The train station, where buses also stop and which has left-luggage facilities, is just a few minutes’ walk northeast of the centre of town. The friendly and helpful tourist office (Jan & Feb Mon–Fri 9.15am–1pm & 2–5pm; March, Nov & Dec Mon–Sat 9.15am–1pm & 2–5pm; April & Oct Mon–Sat 9.15am–5pm; May, June & Sept Mon–Sat 9.15am–6pm; July & Aug Mon–Sat 9am–6pm, Sun 10am–6pm; t 066/712 1288), in the Ashe Memorial Hall underneath the Kerry County Museum, has maps of town and details of local traditional sessions. You can rent bikes from Tralee Gas Supplies in Strand Street on the west side of town (t 066/712 2018) and access the internet at Antech, northwest of the tourist office at 40 Bridge St, next to Sean Óg’s pub.

Denny Street, part of the town centre’s roughly clockwise one-way system, shelters a couple of good accommodation options among its lovely Georgian buildings. The Grand (t 066/712 1499, w www.grandhoteltralee.com; €121–150/£81–100) is a traditional county-town hotel whose rooms, most of which are set back from the busy street, have had a colourful, modern makeover with wi-fi installed. Further down the street, Finnegan’s (t 066/712 7610, www.finnegans.hostel.com; IHH) is a well-appointed hostel and B&B, with en-suite dorms (€20), doubles and twins (€60/£40 and under), a bar-restaurant, a large kitchen, internet access and laundry facilities. There’s also a well-equipped campsite at Woodlands Park, Dan Spring Road (t 066/712 1235, w www.kingdomcamping.com; mid-March to Sept, plus Oct bank-holiday weekend), ten minutes’ walk south of the centre of town.

Your best bet for somewhere to eat is Val’s on Bridge Street, home to a sleek lounge bar downstairs and an informal restaurant upstairs, with a Mediterranean feel and an open kitchen, offering reasonably priced bistro dishes such as pork loin with apple and mustard purée (t 066/712 1559; winter Wed–Sun only). Nearly a dozen of Tralee’s lively pubs boast regular traditional music, notably Seán Og’s opposite Val’s on Bridge Street (summer most nights, winter Thurs–Sun).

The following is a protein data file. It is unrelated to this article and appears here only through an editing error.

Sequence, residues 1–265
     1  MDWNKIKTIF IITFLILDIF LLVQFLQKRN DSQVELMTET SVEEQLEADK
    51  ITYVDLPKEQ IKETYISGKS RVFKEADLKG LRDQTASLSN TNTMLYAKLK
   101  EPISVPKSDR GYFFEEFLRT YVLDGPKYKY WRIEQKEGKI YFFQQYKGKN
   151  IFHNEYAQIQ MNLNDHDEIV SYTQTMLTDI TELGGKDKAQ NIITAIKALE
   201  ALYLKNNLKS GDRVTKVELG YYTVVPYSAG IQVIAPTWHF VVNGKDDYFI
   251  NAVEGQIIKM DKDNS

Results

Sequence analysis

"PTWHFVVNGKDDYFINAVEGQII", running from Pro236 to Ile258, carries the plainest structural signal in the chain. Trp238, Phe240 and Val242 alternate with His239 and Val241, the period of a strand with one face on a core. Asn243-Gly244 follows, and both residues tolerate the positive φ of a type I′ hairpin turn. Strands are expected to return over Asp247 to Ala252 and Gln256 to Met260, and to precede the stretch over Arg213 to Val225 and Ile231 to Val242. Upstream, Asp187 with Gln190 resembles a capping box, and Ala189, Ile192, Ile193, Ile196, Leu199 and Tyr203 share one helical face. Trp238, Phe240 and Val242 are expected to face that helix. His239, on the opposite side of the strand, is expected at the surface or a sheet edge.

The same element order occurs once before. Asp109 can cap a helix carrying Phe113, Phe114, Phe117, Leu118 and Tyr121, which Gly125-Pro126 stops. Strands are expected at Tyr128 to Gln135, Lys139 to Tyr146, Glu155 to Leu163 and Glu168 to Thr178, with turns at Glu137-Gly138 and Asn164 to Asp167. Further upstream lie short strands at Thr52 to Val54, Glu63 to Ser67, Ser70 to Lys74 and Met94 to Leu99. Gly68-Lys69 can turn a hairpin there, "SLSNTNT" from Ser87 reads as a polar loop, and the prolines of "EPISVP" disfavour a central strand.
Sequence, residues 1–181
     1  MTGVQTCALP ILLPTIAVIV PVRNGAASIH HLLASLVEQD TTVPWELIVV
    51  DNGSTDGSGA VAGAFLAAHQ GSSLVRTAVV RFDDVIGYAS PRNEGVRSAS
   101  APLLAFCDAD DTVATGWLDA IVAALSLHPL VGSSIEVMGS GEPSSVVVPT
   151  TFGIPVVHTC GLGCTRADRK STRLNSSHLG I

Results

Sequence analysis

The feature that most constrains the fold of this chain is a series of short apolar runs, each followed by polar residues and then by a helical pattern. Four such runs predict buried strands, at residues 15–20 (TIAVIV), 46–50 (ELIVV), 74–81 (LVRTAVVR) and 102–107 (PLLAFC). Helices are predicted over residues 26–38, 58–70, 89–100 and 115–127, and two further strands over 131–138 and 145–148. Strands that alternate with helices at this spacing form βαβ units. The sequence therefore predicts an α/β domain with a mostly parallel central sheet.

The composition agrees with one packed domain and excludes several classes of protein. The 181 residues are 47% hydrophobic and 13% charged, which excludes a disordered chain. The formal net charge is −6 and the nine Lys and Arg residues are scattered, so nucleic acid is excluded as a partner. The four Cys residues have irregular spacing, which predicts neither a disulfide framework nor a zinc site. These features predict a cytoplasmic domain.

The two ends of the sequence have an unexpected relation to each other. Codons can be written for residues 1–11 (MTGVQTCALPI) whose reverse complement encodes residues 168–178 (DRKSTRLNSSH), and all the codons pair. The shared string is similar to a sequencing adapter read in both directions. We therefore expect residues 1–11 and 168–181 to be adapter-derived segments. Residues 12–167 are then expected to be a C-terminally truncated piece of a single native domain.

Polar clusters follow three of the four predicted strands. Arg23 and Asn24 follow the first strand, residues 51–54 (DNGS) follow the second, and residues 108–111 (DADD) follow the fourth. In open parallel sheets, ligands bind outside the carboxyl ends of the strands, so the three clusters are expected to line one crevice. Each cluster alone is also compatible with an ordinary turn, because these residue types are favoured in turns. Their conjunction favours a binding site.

Next to the tourist office is the National Folk Theatre of Ireland, Siamsa Tíre (t 066/712 3055, w www.siamsatire.com), which fulfils its remit with excellent Irish shows in the summer, as well as hosting a varied international programme of drama, music, dance and literary events during the rest of the year. Towards the end of August, the five-day Rose of Tralee International Festival (w www.roseoftralee.ie) takes over the town. It’s a slightly questionable but generally good-natured beauty and talent contest, accompanied by much merry-making, which is open to women of Irish birth or ancestry. There’s also a family arts festival at Easter, Samhlaíocht, including puppet shows, exhibitions, music and street entertainment (w www.samhlaiocht.com), an eight-day film festival (w www.kerryfilmfestival.com) in early November, held in the town and around the county, and a three-day circus festival later in the month (w www.traleecircusfestival.com).

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